With the city of Boston and Fenway Park serving as a beautiful backdrop, the EMC Club is a stylish restaurant option with padded seating, a full-service bar and top-of-the-line amenities. There’s plenty of history surrounding this structure; it debuted in 1983 and evolved into the 600 Club before the 1988 season when 610 seats were added above home plate replacing the current press box, which was then rebuilt on top of the 600 Club. In 2002, the seats were renamed to the .406 Club in honor of Ted Williams’ batting average attained in 1941. Yet another change occurred in the 2005-2006 off-season when the .406 Club was reconfigured and now boasts of two open-air levels, consisting of the EMC Club on the bottom and the State Street Pavilion positioned on the top (see more on that later in this section).
FISK FOUL POLE
While Johnny Pesky’s name is forever linked to the right field foul pole, Carlton Fisk became a fixture of Fenway lore by having his name attached to the left field pole. Appropriately dedicated during an interleague contest against Cincinnati in 2005, Fisk provided the inspiration for the name change when he homered off Pat Darcy in the twelveth inning to win Game 6 of the 1975 World Series for the Red Sox in one of the most exciting games in history. In one of the most famous scenes in baseball, the ball looked as if though it were headed foul, but Fisk jumped up and waved his arms to the right, willing it off the foul pole. While the Red Sox lost the World Series the next night, the moment created by Fisk lives on forever.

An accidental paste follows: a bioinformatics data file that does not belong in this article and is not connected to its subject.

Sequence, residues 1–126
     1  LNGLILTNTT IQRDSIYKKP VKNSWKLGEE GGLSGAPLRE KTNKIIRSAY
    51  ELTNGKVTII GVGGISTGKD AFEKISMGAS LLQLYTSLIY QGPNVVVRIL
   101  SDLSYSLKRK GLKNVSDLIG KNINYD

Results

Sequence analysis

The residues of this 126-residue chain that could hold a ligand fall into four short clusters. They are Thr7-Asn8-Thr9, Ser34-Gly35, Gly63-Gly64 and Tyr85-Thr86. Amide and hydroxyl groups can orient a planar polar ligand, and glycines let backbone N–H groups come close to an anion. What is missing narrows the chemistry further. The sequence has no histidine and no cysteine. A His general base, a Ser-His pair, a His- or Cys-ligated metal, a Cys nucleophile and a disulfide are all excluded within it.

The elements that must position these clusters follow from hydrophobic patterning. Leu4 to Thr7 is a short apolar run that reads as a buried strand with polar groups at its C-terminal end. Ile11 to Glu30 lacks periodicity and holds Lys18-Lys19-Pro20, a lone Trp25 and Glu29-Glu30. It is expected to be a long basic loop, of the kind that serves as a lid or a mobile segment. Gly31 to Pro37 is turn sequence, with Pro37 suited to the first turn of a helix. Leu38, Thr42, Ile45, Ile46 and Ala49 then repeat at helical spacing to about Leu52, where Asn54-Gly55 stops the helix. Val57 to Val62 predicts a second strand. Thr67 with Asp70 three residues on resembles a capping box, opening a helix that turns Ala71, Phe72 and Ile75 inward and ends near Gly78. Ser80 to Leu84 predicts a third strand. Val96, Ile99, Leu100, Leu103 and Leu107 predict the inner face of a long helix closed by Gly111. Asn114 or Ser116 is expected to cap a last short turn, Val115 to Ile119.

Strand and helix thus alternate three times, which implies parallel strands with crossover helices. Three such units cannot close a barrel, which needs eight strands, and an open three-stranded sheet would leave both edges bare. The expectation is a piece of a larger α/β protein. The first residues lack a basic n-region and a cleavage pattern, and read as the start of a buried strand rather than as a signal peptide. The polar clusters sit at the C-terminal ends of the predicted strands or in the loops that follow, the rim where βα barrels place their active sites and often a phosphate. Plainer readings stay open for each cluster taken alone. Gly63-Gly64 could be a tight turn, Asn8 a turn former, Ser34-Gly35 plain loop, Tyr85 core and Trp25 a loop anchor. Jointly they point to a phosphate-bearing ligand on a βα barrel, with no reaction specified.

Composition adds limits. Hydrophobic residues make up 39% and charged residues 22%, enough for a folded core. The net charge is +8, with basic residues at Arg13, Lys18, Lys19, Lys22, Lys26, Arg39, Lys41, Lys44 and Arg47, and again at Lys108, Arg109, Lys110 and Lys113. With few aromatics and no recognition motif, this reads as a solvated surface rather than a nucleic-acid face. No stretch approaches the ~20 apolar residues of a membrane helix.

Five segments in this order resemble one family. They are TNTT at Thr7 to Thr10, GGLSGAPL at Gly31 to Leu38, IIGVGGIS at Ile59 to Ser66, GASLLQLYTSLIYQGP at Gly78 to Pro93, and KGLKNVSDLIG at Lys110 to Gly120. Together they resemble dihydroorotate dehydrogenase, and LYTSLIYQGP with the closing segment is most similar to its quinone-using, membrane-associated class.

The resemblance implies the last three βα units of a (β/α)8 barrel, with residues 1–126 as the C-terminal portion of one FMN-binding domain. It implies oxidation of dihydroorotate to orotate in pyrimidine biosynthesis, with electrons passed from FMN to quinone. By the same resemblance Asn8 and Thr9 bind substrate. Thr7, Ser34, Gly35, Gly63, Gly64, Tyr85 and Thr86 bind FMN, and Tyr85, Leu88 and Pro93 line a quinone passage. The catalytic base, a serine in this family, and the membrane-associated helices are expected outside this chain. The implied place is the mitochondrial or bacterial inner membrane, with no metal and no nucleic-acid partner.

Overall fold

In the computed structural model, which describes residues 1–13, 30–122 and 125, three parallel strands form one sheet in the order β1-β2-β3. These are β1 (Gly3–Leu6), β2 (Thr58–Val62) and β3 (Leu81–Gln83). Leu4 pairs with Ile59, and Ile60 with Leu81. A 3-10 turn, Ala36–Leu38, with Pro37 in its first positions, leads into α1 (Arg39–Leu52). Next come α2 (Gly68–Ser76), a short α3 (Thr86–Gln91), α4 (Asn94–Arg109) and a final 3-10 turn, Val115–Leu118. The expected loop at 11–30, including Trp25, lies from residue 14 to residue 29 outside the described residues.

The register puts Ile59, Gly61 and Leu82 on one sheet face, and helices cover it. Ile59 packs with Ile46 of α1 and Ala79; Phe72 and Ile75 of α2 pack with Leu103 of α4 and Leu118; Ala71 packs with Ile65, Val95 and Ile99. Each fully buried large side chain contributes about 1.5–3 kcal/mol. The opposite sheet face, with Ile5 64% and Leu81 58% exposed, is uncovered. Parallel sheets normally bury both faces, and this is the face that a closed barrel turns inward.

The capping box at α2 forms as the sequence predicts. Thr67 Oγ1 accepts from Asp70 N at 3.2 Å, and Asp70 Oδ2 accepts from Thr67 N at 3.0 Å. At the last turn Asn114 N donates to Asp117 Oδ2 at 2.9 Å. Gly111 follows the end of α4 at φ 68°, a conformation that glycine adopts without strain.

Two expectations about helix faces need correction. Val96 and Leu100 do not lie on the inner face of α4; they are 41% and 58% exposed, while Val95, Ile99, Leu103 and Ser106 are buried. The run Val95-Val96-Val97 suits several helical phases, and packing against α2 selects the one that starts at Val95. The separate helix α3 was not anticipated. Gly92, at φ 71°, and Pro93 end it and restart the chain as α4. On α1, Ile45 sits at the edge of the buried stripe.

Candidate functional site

Arguably the most famous quirk in all of baseball, the thirty-seven-foot-high Green Monster is worth the price of admission alone, and is the highest wall amongst the current Major League ballparks. The inception of the monster came following the 1933 season when 30,000 pounds of iron was used to construct the green giant in left field. The wall, fully painted green in 1947 to cover advertisements, is 240-feet-long, with the foundation sinking 22-feet below the ground.
Leaning on the Green Monster and adding even more nostalgia to Fenway Park is the manual scoreboard. Installed in 1934 and moved twenty feet to the right in 1976, it features numbers for runs and hits that measure 16-inches by 16-inches and weigh three pounds. Errors, innings and pitcher’s numbers measure 12-inches by 16-inches and weigh two pounds. Not only has it been a permanent fixture for many years, but also it adds flavor to an already picturesque left field. A door allows the scoreboard operator to park his behind in the structure, and a view from that angle is truly second-to-none.